Along with his colleagues Mon and Jo, Tawn and I went to eat dinner at a pub-style restaurant on the third floor. Jo is a British lady who works with Tawn, while Mon has been Tawn’s friend for years and just recently joined Hill & Knowlton. We relaxed over a mediocre dinner while the tour company handled all of our checking in – one aspect of traveling with a tour group that is quite enjoyable. Of course, there’s the discomfort of knowing that someone you’ve just met is running around with your very valuable US passport. A trashy dessert of a Dairy Queen Blizzard provided enough preservatives to tide me over for the red eye flight. See, I haven’t really left anything behind in the United States that I can’t find here!
Everyone and their cousin was in line for immigration, so we got an early start to ensure plenty of time for duty free shopping before the flight. With twenty-some odd immigration officers on duty, we managed to get one who was either new or too thorough and our line moved at literally half the speed of all the others. One by one, Tawn’s colleagues in the other lines cleared immigration and disappeared behind the opaque glass wall.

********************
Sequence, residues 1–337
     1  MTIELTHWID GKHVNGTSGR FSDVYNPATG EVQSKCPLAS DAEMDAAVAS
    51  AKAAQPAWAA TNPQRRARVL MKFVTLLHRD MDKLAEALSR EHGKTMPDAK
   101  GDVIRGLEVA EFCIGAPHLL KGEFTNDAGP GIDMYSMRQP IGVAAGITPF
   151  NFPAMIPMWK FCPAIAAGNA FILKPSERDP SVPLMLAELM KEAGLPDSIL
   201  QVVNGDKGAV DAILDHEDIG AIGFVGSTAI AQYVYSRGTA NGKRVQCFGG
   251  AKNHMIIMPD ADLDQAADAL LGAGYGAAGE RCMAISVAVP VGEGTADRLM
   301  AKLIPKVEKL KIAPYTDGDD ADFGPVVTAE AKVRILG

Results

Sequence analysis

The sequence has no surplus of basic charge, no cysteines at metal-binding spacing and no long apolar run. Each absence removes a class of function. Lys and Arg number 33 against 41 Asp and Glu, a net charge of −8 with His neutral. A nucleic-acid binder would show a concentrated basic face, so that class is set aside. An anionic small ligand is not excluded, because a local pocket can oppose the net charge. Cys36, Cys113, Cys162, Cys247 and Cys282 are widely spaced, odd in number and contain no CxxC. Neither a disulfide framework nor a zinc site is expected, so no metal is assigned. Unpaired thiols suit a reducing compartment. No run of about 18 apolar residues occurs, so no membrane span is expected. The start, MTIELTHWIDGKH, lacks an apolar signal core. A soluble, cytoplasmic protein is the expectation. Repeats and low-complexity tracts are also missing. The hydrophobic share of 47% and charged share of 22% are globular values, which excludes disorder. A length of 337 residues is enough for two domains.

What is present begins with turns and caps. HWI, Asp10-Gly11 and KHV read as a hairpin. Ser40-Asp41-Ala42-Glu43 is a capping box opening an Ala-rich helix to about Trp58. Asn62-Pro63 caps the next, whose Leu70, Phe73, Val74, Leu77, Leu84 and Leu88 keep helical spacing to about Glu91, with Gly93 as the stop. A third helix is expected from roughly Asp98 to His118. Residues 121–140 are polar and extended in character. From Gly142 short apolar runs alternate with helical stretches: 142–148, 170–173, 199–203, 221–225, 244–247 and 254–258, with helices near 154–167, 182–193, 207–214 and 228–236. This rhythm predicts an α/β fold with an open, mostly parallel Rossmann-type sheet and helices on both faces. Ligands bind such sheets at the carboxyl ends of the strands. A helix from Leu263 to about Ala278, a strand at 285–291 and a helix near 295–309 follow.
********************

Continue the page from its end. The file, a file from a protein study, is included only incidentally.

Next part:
Once through, Tawn headed for the stores and I headed to the Thai Airways lounge, to see if I could convince them to let me in using my United Airlines Red Carpet Club reciprocal privileges. I tried to play dumb when showing my Korean Air boarding pass – they aren’t in the same airline alliance so the lounge privileges don’t extend to flights on them – but the lady at the front counter of the lounge would have none of it.
So while Tawn evaluated how much of a dent he wanted to make in his credit card, I wandered around, taking a few pictures of airplanes. Sadly, if being nighttime, the results were not very good results. One thing that is really nice about Bangkok is the wide range of airlines and airplanes that fly there.